• Former local plan panel chair found guilty on six charges

    27th May 2012 | News | Claire
  • Complaints were brought by Cllr Roger Giles and two members of the public, Sandra Semple and Emily McIvor.

    The breaches are mainly concerned with the way Cllr Allen behaved towards myself and Cllr Giles at local plan panel meetings between August and November 2011.

    One charge relates to a potentially damaging quote from Cllr Allen about Cllr Giles, published in the Pulman’s View From Ottery newspaper.

    The hearing, on Friday (25 May), was held with the press and public allowed to be present, following an unsuccessful attempt by Cllr Allen to convince EDDC’s standards committee that morning, that the event should be held behind closed doors.

    Cllr Allen argued for the hearing to be held in private as he claimed that he was the victim of a political campaign waged by myself and Cllr Giles in particular and by campaign group, *Communities Before Developers (CBD), in general. 

    He also claimed that to hold the hearing in public would undermine confidence in elected members.

    Following an investigation by independent assessor, Tim Darsley, resulting in a report of around 300 pages, EDDC’s standards committee met to consider the case.

    Standards Committee hearing – Friday 25 May
    In the room were:
    Tim Darsley, independent investigator
    Denise Lyon – deputy chief executive and monitoring officer
    Simon Pollentine – standards committee member (Sidmouth Town Council)
    Tim Wood – standards committee member (EDDC Exmouth councillor – Conservative)
    Alison Willan – standards committee independent chair
    Rachel Pocock – EDDC legal adviser and deputy monitoring officer
    Diana Vernon – member services officer and clerk

    In the public gallery were: Cllr Douglas Hull, Sandra Semple, me, Fran McElhone (Express & Echo) and Alain Tolhurst (Ottery/Sidmouth Herald)

    It took almost all day to hear the evidence, the witnesses and Cllr Allen’s numerous and continual defences of his conduct.

    Cllr Allen’s main defence against his conduct on 16 August (detailed below) appeared to be that I was ‘pre-determined’ because of my campaigning against the Local Development Framework and my ‘strongly held views.’ 

    In the case of Cllr Giles, Cllr Allen claimed Cllr Giles was disruptive and he felt intimidated as a result.  Cllr Allen claimed it was his job to control the meeting, which was why he had behaved towards Cllr Giles in the way that he had.

    The breaches of the code of conduct agreed by the standards committee are:

    1 At the LDF Panel meeting on 16 August 2011 Cllr Allen did not treat Cllr Wright with respect

    2 At the LDF Panel meeting on 1 November Cllr Allen failed to treat Cllr Giles with respect
    3 At the LDF Panel meeting on 1 November Cllr Allen failed to treat Cllr Wright with respect
    4 By his treatment of Cllrs Giles and Wright Cllr Allen brought his office into disrepute.

    5 By his comments to the Pulman’s View, Cllr Allen did not treat Cllr Giles with respect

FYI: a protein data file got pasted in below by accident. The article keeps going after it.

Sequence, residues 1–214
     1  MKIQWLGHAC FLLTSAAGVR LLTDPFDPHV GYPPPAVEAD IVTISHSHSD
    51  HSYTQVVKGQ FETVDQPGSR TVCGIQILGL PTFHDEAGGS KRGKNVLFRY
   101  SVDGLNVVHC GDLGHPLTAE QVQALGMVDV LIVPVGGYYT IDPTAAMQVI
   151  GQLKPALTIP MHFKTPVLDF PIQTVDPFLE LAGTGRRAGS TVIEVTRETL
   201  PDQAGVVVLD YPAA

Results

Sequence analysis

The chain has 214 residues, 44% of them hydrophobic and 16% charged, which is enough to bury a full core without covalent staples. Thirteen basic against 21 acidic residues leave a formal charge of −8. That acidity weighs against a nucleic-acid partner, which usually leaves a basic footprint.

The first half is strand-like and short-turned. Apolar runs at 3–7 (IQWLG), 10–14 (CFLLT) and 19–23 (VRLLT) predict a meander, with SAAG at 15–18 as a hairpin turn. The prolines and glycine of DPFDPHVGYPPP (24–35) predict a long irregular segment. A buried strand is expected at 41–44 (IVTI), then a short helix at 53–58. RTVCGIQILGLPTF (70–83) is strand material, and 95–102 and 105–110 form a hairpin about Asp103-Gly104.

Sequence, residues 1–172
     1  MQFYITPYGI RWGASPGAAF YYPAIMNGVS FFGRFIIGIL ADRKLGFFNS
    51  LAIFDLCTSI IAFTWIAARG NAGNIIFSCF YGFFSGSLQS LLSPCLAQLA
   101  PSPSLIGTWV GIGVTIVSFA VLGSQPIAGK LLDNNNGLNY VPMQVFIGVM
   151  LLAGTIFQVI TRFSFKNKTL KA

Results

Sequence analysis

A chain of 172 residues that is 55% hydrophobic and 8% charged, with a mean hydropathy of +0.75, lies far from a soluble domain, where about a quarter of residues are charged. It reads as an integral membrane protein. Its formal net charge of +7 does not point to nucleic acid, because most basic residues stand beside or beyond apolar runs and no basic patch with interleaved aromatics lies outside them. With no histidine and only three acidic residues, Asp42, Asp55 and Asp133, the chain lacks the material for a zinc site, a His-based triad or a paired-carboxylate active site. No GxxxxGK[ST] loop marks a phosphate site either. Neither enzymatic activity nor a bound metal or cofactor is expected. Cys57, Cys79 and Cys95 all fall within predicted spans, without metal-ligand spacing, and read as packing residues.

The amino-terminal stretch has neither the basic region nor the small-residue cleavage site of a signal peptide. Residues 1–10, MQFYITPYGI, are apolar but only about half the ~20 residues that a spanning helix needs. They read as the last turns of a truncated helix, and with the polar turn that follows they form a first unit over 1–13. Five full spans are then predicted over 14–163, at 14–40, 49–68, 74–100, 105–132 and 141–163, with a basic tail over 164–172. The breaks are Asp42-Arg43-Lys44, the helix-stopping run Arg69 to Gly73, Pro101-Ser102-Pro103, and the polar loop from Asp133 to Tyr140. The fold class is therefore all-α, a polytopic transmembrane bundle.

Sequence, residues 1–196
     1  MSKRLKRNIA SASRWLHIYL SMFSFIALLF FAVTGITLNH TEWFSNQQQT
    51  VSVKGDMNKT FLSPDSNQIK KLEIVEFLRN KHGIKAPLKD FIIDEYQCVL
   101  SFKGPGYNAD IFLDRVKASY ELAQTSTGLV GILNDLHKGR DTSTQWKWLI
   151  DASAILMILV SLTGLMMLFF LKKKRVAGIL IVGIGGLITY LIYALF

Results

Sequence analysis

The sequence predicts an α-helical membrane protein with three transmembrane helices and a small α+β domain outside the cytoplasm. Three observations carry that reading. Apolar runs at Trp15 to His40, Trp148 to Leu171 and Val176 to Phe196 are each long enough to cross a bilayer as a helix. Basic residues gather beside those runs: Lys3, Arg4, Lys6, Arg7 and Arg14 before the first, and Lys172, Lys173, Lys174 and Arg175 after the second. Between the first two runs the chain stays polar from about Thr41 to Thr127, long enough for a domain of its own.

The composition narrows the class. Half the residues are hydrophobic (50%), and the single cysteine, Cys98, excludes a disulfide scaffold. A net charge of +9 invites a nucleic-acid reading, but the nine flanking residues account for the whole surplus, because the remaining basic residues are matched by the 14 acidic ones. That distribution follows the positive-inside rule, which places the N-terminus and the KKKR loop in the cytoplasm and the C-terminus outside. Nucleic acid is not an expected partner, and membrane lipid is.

6 By his comments to Pulman’s View Cllr Allen brought his office into disrepute

    Detail on the charges
    Charge 1 – 16 August 2011, Local Development Framework (LDF) Panel meeting
    During the declarations of interest agenda item where I declared that had I had been a member of Communities Before Developers (CBD) campaign group and had signed the ‘pledge’ (to help protect the countryside), Cllr Allen launched a calm and controlled verbal attack on me. 

    I did not blog this at the time because I felt uncomfortable doing so.

    He said: 
    – I had a prejudicial interest (because of my campaigning with CBD)
    – I misled town and parish councils
    – I had been making personal comments about him
    – He would be taking matters further

    I was completely caught off balance and queried what he meant (bear in mind I was a new and inexperienced councillor).  Cllr Allen simply repeated his allegations and moved the agenda swiftly on to the next item.

    It was humiliating and I felt as though all eyes in the room (some 70 people) were on me and were wondering what on earth I had done wrong.  Tears came and I had to leave the room to try and get my emotions under control.

    Cllr Giles came after me and said he thought the way Cllr Allen spoke to me was outrageous and he was going to seek out the leader of the council, Cllr Paul Diviani. 

    While I was out of the room Roger spoke both to Cllr Diviani, chairman, Cllr Peter Halse and EDDC solicitor, Andrew Seddon while the panel meeting continued, with raised voices audible from the members room.

    I later returned to the meeting but was unable to concentrate as I was still upset, so I left.

    After I had left the meeting Cllr Giles indicated that he wished to speak and then told Cllr Allen that he felt he had abused his position as chairman as he had bullied me and owed an apology to me, and to everyone else in the room.  Cllr Allen stood up and told him to leave the room.

    Cllr Allen later submitted a formal complaint about this exchange with Cllr Giles, which was dismissed.

    4 October – LDF Panel meeting
    The independent investigator found that Cllr Allen had also breached the code of conduct on this occasion too, but the standards committee did not uphold this finding.

    Cllr Allen had not called Cllr Giles to speak, despite Cllr Giles having his arm in the air for some time and being directly opposite him in the council chamber. Several other people, however, had been called.

    Following a prompt from me, Cllr Allen eventually called Cllr Giles to speak.  After a proposal from Cllr Ray Bloxham (which I did not agree with) Cllr Allen put it to the vote straightaway, despite Cllr Giles having his hand in the air as he sought to make further points.  At the end of this debate Cllr Giles exclaimed loudly:  “That was disgraceful,” or something similar.